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1997 Ford Thunderbird, pulls right while driving intermittenly, always pulls left while braking. It makes a loud noise while driving, but when the front end is on jackstands, and no weight on the wheels, it stops making the sound. it is not the power steering pump making the sound, the brake pads on both sides are in tact, and less than a month old, the tires are new, alignment was done, no parts on the suspension are loose enough to make them budge /at all/ by hand. Any ideas would be helpful.

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2 Answers

Check the condition of the brake flexi hoses. These perish over time, and can often clug inside, effectively either locking the relevant brake on or preventing it from applying fully, thus casuing the car to pull to the side.

Suspension bushes can be worn enough to cause issues without being bad enough to move by hand - try using a small lever to move them and see if anything there looks suspect.

Thunderbirds are rear wheel drive aren't they? Have you checked the rear suspension as well? The symptom of a car pulling one way when driving and the other when braking is typical of worn suspension bushes on one or more driven wheels, allowing the wheel in question to pull forward under power and drag backward under braking.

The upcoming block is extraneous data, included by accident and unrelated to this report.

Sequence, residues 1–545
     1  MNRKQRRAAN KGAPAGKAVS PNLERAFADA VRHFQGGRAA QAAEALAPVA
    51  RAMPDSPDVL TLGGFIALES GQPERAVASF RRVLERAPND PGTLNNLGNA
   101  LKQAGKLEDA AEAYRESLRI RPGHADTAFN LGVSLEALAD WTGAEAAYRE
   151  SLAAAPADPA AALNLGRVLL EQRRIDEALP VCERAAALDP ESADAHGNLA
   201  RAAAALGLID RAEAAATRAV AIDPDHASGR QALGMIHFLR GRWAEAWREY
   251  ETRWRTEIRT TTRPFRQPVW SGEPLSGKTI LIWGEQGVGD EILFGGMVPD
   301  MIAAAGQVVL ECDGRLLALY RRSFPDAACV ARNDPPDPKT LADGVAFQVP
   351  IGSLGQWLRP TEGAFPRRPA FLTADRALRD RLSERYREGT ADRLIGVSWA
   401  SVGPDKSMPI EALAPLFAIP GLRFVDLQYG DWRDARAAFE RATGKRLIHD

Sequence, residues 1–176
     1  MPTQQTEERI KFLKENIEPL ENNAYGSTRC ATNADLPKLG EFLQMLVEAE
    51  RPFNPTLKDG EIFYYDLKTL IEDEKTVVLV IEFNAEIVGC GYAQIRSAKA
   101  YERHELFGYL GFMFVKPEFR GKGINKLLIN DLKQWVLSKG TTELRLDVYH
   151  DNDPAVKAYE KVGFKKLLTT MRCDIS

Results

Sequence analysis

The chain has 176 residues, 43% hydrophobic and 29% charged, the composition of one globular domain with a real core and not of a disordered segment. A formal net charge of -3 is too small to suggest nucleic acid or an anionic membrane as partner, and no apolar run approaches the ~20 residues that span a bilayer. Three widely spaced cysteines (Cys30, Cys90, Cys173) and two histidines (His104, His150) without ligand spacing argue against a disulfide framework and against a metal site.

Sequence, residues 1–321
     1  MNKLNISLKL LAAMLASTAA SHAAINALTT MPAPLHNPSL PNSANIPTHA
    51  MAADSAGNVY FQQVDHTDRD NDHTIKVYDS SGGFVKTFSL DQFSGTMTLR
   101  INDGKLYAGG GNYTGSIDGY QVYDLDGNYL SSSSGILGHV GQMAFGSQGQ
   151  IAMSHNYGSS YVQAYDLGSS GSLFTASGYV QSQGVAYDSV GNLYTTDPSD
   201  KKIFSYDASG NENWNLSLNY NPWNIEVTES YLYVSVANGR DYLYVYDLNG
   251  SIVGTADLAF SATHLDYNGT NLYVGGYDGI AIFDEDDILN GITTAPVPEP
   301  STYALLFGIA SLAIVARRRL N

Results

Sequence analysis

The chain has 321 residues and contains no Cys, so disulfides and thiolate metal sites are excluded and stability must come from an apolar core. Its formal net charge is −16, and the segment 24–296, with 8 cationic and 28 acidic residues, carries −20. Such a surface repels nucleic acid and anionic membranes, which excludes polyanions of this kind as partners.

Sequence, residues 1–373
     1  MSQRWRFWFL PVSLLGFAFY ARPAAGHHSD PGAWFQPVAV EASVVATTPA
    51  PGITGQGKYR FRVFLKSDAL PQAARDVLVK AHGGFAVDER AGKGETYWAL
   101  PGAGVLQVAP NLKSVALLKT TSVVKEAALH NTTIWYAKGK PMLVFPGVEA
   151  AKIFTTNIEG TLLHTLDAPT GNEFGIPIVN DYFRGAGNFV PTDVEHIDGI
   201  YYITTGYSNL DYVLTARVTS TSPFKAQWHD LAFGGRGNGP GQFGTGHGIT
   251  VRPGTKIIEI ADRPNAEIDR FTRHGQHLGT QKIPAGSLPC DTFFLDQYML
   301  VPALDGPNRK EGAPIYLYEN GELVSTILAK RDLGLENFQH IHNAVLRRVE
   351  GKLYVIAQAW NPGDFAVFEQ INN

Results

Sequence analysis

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It is definitley, without a doubt, coming from the front. while having an assitant turning the wheels, I could feel the vibrations and hear the sound coming from the front driver side wheel well with my hand on the hub (I am the original poster, just not logged into the stackexchage account) –  Mike Cap Sep 8 '11 at 21:14
    
Update: the rotors are not warped, and to clarify, the sound it is making is like a groaning, creeking type sound, only while turning. –  Mike Cap Sep 8 '11 at 21:54
    
Still sounds like a suspension problem to me. Have you checked that there is nothing bent or misaligned in the suspension on that side? –  Nick C Sep 9 '11 at 12:35
    
My bet is on the right hose being a bit clogged, especially since the car pulls the opposite direction when not braking, which is likely because the brake doesn't fully disengage on the right side. –  vlsd Jun 11 '12 at 19:33
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Check the donut shaped strut rod bushings that go into the control arm. They look like rubber donuts. Have someone sit in the car and drive it back back and forth when they hit the brake. If the bushings are bad you will see the wheel actually move when you hit the brake.

Secondly check the ball joints. jack up the control arm so the weight of car rests on it and check for any play. They are known to fail on these cars. You should replace the entire arm if that is the case.

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